New software is expected to help foresters in New Zealand, and around the world, to more efficiently harvest logs from increasingly steep plantations.
Rayonier New Zealand's Philip Elworthy explained the new Cable Harvesting Planning Solution (CHPS) to delegates at a forestry geographic information systems conference organised by Scion in Rotorua.
He said some steep terrain harvesting was already taking place in New Zealand, but the bulk of this planting occurred in the early 1990s and would be ready for harvest in the next five to 10 years, creating ``huge challenges'' for harvest planners.
``Harvest planning is working out how to get trees off the side of the hill and on to the back of a truck.''
On this type of land, this is generally done by cable harvesting, where felled trees are lifted on cables to a central hauler that can be cost effectively reached by trucks.
The new software integrates planning software with the most common geographical information system (GIS) in New Zealand to allow planners to model a particular plantation and work out the most effective places to position the hauler and the cables to maximise productivity and minimise environmental impact.
``The calculations have been around for decades, but this makes them easier to access. It is a more efficient way of solving the problem.''
Benefits include increased speed, allowing planners to consider a range of equipment and locations quickly.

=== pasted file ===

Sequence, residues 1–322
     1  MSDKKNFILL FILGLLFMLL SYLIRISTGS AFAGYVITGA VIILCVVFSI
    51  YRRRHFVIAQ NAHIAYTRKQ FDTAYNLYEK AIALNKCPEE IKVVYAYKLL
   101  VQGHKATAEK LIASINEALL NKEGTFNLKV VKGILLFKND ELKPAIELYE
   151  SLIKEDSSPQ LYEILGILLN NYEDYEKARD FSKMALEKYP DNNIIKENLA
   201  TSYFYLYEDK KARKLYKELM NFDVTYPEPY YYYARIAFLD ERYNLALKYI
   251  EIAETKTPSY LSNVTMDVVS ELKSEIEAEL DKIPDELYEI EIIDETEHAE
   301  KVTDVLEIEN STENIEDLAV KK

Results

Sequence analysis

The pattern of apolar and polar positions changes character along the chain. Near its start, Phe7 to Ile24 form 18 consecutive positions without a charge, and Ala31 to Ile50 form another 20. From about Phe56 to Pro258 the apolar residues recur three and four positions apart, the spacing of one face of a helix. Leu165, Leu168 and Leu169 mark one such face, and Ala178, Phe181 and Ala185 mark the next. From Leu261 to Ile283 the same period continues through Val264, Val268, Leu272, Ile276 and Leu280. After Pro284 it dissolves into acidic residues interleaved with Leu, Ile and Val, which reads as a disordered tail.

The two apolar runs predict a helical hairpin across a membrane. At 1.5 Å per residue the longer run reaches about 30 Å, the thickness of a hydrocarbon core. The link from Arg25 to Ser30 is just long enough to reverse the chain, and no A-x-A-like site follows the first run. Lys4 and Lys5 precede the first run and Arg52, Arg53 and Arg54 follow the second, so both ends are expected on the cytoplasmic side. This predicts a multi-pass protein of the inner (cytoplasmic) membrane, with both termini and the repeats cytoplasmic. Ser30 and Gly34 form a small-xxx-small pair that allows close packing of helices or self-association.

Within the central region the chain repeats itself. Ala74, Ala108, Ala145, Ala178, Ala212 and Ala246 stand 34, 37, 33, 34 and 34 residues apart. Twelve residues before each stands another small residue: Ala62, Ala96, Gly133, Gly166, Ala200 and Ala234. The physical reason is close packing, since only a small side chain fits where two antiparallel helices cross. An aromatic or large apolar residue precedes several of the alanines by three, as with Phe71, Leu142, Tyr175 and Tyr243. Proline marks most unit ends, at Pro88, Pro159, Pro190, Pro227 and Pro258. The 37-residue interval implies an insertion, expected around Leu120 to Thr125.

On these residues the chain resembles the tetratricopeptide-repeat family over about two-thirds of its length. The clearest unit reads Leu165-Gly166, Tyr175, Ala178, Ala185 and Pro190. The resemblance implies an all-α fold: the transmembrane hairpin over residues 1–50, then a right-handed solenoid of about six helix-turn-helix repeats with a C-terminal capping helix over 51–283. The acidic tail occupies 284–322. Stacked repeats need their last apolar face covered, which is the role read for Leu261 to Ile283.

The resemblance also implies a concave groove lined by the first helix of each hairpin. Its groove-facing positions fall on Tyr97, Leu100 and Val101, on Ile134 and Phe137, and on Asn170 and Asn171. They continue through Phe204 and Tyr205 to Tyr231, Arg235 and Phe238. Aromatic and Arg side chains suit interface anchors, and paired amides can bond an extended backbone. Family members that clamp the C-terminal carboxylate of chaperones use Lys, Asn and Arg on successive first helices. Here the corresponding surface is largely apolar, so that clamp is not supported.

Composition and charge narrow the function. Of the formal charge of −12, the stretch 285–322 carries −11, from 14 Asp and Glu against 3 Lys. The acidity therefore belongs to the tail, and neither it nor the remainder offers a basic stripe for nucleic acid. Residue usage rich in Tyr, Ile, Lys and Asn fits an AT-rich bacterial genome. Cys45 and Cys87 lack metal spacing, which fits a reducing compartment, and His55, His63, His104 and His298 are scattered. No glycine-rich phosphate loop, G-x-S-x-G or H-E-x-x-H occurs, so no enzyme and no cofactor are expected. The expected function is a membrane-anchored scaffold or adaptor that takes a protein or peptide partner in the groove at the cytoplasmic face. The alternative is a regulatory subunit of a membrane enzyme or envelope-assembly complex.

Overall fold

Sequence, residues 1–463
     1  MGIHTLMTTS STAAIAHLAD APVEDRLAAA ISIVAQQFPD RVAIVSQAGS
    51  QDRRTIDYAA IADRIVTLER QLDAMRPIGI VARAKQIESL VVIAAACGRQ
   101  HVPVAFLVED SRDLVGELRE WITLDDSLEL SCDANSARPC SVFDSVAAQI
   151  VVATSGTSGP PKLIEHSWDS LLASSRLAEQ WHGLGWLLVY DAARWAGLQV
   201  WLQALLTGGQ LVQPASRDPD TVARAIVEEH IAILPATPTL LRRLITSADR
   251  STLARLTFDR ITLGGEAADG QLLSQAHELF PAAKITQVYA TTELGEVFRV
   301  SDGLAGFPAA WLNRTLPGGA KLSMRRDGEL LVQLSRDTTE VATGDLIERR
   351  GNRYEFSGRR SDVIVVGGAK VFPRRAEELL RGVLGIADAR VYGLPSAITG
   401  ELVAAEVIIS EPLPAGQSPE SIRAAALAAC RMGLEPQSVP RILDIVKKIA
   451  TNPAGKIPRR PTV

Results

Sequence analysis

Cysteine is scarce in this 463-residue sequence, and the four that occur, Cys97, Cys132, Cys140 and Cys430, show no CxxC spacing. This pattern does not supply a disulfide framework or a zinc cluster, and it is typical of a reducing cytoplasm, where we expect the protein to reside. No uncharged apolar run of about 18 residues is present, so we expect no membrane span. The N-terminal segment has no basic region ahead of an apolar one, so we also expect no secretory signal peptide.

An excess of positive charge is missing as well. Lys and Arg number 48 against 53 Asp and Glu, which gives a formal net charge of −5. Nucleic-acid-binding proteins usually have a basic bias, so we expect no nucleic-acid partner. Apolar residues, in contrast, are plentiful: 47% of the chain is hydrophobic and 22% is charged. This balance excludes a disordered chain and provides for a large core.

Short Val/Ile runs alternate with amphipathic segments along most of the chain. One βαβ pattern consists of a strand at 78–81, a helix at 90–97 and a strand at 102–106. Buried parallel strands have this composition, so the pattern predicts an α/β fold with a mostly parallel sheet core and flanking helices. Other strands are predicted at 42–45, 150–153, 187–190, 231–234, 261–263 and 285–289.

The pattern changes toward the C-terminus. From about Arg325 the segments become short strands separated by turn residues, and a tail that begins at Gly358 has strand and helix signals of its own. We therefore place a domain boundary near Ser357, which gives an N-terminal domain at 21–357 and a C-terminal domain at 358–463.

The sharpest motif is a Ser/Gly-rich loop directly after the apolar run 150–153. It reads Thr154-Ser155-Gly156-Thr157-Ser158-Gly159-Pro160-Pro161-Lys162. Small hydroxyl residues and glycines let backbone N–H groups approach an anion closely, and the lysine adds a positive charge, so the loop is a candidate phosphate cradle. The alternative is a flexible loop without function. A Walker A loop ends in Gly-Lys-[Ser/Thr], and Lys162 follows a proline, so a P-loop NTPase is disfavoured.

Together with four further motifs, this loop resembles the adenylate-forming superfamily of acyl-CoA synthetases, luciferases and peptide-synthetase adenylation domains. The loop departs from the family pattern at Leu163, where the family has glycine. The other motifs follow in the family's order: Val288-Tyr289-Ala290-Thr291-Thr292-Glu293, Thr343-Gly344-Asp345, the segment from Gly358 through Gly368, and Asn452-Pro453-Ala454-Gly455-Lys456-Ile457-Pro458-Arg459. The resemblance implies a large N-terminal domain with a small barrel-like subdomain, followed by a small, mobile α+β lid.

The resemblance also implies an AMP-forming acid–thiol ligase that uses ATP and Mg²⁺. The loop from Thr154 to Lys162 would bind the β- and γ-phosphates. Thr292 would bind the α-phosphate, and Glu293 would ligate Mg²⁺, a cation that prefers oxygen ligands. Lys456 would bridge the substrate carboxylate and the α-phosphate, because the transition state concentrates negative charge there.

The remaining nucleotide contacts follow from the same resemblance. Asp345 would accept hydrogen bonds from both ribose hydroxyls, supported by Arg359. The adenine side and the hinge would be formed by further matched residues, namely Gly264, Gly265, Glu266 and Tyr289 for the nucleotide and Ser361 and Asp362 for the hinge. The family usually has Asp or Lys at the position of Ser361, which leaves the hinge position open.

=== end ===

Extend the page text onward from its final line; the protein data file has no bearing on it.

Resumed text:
It works with Esri's ArcGIS, which is the predominant software in New Zealand forestry and is used in many other countries, particularly North America.
Until now, solutions have not been integrated with ArcGIS, so there have been costs involved in transferring data from one system to another.
CHPS has been developed by Rayonier, Geographic Business Solutions (GBS) and Atlas Technology, with input from various industry group, including Rotorua's Scion crown research institute. It will be presented in the United States next month at a conference organised by Esri.
Geographic Business Solutions' director Harley Prowse said the cost and complexity of transferring data from GIS into planning software meant many people did not bother and made decisions based on less information.
``We held three workshops where we got together with harvest planners from various companies to make sure we ended up with something the guys needed.''
The software is still not finished, but a draft version has been made available to companies involved in the development. Prowse said some feedback would be used to fine-tune the initial software before its release, hopefully by the end of May, and suggestions for new functions would be looked at as the software is developed in the future.
He said the potential for CHPS to be used overseas would be positive for the New Zealand industry as more users meant more revenue to continue development.
``I am excited about it because we are satisfying a need in New Zealand, and to a degree in Australia, but the real potential is the fact it can go into North America and Europe. Early indications from Esri promoters in the US are that there is significant interest.
``The US market was not really a target, but the involvement of Esri is opening that up for us, so we might as well take advantage.''-->-->